OPSBA sets the Record Straight - Again

    TORONTO, Jan. 8 /CNW/ - Misleading statements made by ETFO (Elementary
Teachers' Federation of Ontario) leadership in their media conference today
obliges OPSBA to restate the facts. Everyone who is concerned about student
success and safety in Ontario's elementary schools needs to know what OPSBA
proposed in these negotiations. Our proposal focused additional resources on
improving student achievement and on providing secure and safe learning
environments. Our proposal would have provided higher salaries and more
preparation time for teachers. Our proposal offered schools the peace,
stability and confidence in continued progress that strengthens public
education for students and staff.
    The original Ministry Provincial Discussion Table (PDT) agreement was
faithfully reflected in the OPSBA Proposal to ETFO. It included a three per
cent annual salary increase for four years, compounding to 12.55 per cent by
2012, more teachers to improve class sizes, more teachers to improve student
programs and more teachers to provide more planning time for existing
teachers, PLUS improvements in benefits and other working conditions for
English public elementary teachers.
    In a media conference this morning, ETFO accused OPSBA of contract
"strips" - an inflammatory term that implies removing benefits and reducing
salary. Collective agreements do not just deal with monetary issues such as
salary. They deal with a variety of working conditions which determine how
teachers spend their time during the school day. The kinds of things boards
want to address, which the union refers to as "strips", include the following:

    -   Clarifying the provincial law which requires teachers to be present
        and available to their students in their classrooms or teaching areas
        15 minutes before the start of classes in the morning and 5 minutes
        before classes start in the afternoon
    -   Giving principals a reasonable say in how teachers use some of their
        time during the school day when they are not teaching their students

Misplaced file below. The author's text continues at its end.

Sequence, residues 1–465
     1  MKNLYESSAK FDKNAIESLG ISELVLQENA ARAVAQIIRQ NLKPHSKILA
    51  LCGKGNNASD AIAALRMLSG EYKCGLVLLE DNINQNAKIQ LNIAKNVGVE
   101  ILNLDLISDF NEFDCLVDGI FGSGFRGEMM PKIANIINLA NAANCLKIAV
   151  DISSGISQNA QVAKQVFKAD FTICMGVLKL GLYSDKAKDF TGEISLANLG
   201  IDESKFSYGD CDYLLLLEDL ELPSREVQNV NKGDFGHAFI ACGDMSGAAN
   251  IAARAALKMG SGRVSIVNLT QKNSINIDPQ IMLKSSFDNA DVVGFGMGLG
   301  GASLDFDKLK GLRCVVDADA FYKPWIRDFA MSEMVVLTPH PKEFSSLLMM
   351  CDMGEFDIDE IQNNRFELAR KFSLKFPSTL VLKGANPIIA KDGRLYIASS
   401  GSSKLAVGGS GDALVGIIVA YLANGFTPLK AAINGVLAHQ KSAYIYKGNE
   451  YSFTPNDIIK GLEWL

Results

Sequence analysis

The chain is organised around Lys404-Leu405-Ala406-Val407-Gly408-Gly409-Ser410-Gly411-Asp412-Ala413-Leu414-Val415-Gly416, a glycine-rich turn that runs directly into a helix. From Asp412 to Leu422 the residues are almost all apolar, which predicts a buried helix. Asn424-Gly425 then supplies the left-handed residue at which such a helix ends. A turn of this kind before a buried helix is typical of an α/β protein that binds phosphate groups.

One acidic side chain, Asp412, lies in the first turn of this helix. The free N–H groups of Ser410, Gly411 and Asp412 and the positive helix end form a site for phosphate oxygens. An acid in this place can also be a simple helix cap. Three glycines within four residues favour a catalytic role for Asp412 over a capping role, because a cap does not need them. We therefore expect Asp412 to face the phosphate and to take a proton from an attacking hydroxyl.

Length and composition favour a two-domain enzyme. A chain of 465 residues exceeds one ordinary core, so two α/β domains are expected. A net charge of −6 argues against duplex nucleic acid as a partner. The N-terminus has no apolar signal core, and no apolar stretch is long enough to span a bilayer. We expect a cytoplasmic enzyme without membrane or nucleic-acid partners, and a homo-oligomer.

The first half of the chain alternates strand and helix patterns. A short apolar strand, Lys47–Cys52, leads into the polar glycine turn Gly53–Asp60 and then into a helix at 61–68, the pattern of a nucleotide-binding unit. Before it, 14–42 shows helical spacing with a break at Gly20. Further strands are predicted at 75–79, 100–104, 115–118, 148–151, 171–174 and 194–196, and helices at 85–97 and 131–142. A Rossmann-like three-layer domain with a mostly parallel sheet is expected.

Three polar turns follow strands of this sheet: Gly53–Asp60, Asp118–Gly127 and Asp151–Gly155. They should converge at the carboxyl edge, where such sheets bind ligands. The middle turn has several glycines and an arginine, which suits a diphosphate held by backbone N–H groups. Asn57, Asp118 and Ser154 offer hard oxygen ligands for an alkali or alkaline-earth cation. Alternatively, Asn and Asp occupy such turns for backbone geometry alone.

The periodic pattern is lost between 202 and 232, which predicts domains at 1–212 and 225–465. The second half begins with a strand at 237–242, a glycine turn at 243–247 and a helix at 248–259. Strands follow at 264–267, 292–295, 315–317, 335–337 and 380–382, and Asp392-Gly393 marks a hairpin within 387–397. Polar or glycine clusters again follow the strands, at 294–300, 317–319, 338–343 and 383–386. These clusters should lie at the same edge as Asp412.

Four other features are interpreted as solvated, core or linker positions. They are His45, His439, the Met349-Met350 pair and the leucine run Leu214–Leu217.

-   Allowing principals the ability to provide reasonable amounts of
        teacher professional development after classes are let out, so that
        student instructional time is not disrupted
    -   In unusual situations, ensuring that principals will be able to
        depart from scheduled teacher supervision assignments in order to
        ensure student safety

    These are reasonable requests unequivocally related to student safety and
student achievement. The claim made by ETFO that making these proposals at the
Provincial Discussion Table somehow violated the "rules" is simply not true.
The process we have all been engaged in is called negotiations. It is the
legal venue where issues such as these are discussed and where operational
problems are resolved.
    Contrary to ETFO's assertion, it has not been the Boards but rather ETFO
who, up until now, has not been interested in meeting at the local board
level. And it was not OPSBA who left the Provincial Discussion Table. OPSBA's
member school boards have always been available to meet with ETFO to negotiate
in good faith with the funding provided by the provincial government. It is
unfortunate that the available funding is now significantly reduced because
ETFO failed to sign on to the PDT agreement.
    ETFO repeated a claim today that their proposal was costed and endorsed
by the Ministry of Education. This is not true. In a letter issued to the
media on December 17, Education Minister Kathleen Wynne confirmed that ETFO's
demands far exceeded the funding provided in the Provincial Discussion Table
    "The ETFO final proposal was not mutually agreed to by the parties and
was not within the financial parameters established by the Ministry," said
Minister Wynne. "OPSBA did raise legitimate concerns about the financial
implications created by ETFO's final proposal. The only agreement that the
Ministry would have endorsed was one that was mutually agreed upon by both
parties and within the financial parameters established by the Ministry."
    ETFO's final offer would have cost at least $463 million more over 5
years than had already been agreed by the 3 other Provincial Teachers' Unions.
    "We are dismayed that ETFO would threaten a strike given that ETFO's
leadership had every opportunity to sign a provincial agreement that would
support student success and public education," said Rick Johnson.
    The interests of our students must continue to remain the first priority
for all parties - there can be no disruption to their education. This is what
parents expect of us and what students deserve.

For further information:

For further information: Jeff Sprang, Communications, (416) 340-2540

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